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Original Investigation
May 2015

Systemic Therapy for Psoriasis and the Risk of Herpes Zoster: A 500 000 Person-year Study

Author Affiliations
  • 1Soroka Medical Center, Beer-Sheva, Israel
  • 2Faculty of Health Sciences, Ben-Gurion University of the Negev, Beer-Sheva, Israel
  • 3Department of Quality Measurements and Research, Chief Physician's Office, Clalit Health Services, Tel Aviv, Israel
  • 4Carmel Medical Center, Haifa, Israel
  • 5Ruth and Bruce Rappaport Faculty of Medicine, Technion, Haifa, Israel
  • 6Clalit Health Services, Tel Aviv, Israel
  • 7Department of Research and Information, Chief Physician’s Office, Clalit Health Services, Tel Aviv, Israel
  • 8Siaal Research Center for Family Medicine and Primary Care, Faculty of Health Sciences, Ben-Gurion University of the Negev, Beer-Sheva, Israel
  • 9Hospital Division, Clalit Health Services, Tel Aviv, Israel
JAMA Dermatol. 2015;151(5):533-538. doi:10.1001/jamadermatol.2014.4956

Importance  The risk for herpes zoster (HZ) in patients with psoriasis treated with biologic medications or other systemic treatments has been given little attention to date.

Objective  To describe the risk for HZ in patients with psoriasis and its relation to treatment.

Design, Setting, and Participants  A cohort study was performed using the administrative database of Clalit Health Services, the largest public health care provider organization in Israel, in the setting of general community clinics, primary care and referral centers, and ambulatory and hospitalized care. We extracted information for all patients who received a psoriasis diagnosis from January 2002 to June 2013. Follow-up was conducted until the end of July 2013. The study included 95 941 patients with psoriasis in the analysis, with 522 616 person-years of follow-up. Incidence of HZ events was calculated for each systemic antipsoriatic medication provided, during a follow-up period of 11 years and 7 months. We used a generalized estimating equation Poisson regression model to examine the effect of each systemic treatment for psoriasis on HZ incidence, adjusting for age, sex, psoriasis severity, Charlson comorbidity index, steroid treatment, and socioeconomic status.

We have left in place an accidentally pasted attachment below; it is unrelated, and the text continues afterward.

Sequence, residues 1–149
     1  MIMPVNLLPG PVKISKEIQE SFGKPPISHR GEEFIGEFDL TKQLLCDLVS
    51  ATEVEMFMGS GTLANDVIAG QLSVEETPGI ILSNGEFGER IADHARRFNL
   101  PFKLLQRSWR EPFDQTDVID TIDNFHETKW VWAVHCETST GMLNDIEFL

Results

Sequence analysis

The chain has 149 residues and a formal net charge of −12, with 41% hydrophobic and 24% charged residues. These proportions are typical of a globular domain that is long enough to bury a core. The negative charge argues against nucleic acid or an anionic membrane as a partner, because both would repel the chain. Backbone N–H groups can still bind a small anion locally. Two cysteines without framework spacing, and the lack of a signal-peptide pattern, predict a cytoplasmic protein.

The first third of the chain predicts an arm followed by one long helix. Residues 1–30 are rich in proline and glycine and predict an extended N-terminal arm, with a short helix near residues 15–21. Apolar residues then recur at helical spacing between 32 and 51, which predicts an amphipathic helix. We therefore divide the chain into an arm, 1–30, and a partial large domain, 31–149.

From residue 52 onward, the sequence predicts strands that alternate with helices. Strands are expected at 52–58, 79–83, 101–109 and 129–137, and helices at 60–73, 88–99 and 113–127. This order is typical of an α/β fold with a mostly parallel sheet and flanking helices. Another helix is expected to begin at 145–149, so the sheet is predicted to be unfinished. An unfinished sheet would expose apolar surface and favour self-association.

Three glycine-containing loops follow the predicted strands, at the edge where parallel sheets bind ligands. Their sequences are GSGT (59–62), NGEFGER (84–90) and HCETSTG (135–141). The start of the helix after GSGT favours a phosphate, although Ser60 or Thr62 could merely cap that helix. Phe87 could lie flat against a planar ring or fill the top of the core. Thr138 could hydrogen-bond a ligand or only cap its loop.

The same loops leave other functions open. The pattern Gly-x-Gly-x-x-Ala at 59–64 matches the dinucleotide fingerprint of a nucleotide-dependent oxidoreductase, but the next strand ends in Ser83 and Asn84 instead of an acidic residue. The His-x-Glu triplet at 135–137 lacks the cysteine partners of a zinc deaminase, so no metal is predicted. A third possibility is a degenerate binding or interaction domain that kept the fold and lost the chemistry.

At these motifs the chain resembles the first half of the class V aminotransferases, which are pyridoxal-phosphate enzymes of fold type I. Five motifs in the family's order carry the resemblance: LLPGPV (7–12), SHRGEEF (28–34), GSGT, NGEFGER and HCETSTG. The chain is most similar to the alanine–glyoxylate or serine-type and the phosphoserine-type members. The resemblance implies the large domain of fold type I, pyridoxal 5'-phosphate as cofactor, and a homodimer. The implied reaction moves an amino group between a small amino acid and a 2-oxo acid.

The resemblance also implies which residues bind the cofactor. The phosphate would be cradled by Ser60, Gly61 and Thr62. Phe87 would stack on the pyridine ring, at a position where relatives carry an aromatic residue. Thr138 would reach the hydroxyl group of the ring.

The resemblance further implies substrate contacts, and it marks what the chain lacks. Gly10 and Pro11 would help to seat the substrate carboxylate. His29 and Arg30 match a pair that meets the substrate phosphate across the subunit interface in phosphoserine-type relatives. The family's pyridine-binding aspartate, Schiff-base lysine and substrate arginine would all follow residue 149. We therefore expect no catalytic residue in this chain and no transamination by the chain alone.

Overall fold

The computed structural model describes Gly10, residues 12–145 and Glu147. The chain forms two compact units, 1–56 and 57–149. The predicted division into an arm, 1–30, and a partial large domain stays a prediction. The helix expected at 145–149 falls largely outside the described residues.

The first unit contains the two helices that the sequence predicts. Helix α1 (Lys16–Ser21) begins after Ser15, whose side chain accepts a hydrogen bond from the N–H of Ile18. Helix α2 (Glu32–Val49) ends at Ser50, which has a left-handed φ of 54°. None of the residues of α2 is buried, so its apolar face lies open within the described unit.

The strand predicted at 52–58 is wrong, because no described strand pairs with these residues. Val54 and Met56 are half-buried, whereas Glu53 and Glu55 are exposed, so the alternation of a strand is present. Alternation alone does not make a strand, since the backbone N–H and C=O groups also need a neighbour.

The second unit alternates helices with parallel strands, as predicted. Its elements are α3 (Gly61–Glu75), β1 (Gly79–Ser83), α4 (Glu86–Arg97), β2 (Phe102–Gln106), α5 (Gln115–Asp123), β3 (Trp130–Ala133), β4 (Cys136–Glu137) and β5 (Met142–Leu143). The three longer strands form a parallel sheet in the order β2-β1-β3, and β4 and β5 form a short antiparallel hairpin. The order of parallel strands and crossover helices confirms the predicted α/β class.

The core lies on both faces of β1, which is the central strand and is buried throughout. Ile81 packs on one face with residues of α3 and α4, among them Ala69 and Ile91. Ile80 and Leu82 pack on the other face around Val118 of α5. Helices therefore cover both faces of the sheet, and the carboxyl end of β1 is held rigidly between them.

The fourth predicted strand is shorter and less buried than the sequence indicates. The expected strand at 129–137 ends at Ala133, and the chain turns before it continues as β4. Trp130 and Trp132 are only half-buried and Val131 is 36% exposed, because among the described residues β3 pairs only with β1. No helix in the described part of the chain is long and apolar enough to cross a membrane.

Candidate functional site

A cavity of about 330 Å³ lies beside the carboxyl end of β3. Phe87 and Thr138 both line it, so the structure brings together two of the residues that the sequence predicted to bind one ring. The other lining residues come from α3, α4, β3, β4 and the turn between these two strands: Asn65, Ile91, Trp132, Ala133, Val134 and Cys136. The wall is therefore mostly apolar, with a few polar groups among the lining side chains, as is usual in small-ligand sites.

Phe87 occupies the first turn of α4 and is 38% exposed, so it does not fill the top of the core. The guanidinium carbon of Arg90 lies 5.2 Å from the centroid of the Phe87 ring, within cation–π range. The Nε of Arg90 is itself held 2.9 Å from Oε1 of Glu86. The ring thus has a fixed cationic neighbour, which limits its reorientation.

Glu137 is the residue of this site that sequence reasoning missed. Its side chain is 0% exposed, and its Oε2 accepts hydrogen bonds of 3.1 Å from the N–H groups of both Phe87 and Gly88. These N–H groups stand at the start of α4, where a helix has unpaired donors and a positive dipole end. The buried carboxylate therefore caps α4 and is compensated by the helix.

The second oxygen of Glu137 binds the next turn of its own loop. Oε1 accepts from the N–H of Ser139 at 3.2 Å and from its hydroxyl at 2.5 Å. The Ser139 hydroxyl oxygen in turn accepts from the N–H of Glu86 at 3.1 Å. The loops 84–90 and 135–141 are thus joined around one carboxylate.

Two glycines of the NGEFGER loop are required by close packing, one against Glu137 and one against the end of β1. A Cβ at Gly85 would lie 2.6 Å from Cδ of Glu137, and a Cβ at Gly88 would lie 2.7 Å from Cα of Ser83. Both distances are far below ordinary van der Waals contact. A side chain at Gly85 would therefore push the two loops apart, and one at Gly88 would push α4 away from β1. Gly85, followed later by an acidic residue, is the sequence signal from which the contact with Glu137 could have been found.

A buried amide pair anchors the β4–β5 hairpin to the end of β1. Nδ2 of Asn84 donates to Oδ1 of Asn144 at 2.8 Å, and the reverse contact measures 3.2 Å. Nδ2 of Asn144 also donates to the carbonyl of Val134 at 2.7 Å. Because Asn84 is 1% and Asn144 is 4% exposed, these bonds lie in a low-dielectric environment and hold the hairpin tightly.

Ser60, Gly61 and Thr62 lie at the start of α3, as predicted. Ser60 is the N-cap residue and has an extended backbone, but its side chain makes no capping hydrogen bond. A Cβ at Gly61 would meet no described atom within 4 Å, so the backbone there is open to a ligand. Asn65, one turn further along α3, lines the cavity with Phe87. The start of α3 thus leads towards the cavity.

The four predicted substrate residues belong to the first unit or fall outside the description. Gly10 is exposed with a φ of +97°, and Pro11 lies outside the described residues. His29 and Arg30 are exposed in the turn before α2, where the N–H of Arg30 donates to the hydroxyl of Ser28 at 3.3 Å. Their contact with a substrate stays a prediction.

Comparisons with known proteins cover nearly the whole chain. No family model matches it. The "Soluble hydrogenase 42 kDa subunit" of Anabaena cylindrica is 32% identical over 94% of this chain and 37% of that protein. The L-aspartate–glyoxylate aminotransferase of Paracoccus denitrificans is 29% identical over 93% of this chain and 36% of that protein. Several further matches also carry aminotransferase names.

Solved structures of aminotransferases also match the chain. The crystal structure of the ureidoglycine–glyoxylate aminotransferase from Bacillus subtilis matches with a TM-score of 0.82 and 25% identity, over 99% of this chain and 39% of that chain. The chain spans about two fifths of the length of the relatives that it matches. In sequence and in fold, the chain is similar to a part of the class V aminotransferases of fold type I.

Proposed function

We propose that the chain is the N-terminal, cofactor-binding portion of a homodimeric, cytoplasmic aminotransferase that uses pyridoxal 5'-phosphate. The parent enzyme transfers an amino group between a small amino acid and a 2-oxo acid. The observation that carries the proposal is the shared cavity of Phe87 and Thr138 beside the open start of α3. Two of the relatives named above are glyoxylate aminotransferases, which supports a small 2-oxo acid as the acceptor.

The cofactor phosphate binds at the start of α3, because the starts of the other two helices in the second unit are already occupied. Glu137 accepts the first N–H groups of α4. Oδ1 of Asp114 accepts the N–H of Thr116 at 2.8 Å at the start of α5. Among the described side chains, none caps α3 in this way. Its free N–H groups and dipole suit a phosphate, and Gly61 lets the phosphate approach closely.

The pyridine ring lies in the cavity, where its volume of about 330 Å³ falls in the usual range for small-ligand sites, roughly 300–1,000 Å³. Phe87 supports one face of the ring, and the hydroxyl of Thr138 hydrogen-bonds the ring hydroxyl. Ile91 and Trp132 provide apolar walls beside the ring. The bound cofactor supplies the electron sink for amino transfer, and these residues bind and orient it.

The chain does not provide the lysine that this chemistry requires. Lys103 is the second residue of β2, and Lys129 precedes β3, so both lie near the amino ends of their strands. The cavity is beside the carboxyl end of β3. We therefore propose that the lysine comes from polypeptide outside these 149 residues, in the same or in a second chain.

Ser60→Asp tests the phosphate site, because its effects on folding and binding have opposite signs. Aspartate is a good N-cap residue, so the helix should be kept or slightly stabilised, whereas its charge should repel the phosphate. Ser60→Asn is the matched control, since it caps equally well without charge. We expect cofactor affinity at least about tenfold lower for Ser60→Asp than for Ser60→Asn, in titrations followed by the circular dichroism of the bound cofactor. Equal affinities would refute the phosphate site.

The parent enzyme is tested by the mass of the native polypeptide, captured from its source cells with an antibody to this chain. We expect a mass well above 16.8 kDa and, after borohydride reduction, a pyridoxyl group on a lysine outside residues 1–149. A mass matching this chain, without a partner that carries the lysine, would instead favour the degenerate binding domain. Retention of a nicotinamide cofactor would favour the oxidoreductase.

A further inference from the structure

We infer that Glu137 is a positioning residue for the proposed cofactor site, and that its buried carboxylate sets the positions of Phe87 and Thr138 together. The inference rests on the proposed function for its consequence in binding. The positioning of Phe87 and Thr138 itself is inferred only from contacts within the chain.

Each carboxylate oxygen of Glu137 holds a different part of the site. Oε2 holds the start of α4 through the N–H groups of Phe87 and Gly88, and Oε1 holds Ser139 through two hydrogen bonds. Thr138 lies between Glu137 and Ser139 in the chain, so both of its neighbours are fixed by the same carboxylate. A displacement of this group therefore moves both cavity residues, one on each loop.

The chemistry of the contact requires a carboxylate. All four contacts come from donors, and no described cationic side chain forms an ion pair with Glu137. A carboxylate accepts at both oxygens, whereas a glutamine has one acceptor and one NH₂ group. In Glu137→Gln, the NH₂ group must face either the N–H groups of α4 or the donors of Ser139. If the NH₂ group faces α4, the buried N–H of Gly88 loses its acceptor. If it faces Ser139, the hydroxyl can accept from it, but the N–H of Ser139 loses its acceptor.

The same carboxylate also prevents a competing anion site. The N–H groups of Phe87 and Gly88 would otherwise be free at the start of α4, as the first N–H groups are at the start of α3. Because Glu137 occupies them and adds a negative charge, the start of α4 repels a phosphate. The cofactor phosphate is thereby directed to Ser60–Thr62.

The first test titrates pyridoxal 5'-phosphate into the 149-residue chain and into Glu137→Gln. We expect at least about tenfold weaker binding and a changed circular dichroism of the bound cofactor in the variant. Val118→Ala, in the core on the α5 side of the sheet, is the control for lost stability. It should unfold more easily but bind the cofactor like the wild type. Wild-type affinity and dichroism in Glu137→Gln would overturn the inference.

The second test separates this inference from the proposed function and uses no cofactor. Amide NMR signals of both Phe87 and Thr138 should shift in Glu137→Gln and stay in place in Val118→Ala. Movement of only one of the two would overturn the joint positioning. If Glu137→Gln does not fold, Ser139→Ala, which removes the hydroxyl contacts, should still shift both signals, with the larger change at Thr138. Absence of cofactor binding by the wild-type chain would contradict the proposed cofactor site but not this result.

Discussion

Main Outcomes and Measures  Incidence of HZ associated with systemic therapies.

Results  In a multivariate analysis, it was observed that treatment with phototherapy (rate ratio [RR], 1.09 [95% CI, 0.62-1.93]; P = .99), methotrexate (RR, 0.98 [95% CI, 0.78-1.23]; P = .83), cyclosporine (RR, 1.16 [95% CI, 0.48-2.80]; P = .49), and biologic medications as a single agent (RR, 2.67 [95% CI, 0.69-10.3]; P = .14) was not associated with HZ. The use of combination treatment with biologic medications and methotrexate was significantly associated with an increased incidence of HZ (RR, 1.66 [95% CI, 1.08-2.57]; P = .02). The use of acitritin was associated with decreased incidence of HZ (RR, 0.69 [95% CI, 0.49-0.97]; P = .004).

Conclusions and Relevance  Physicians may need to consider offering an HZ preventive vaccine to patients receiving combination treatment with biologic medications and methotrexate, particularly if they have additional risk factors for HZ.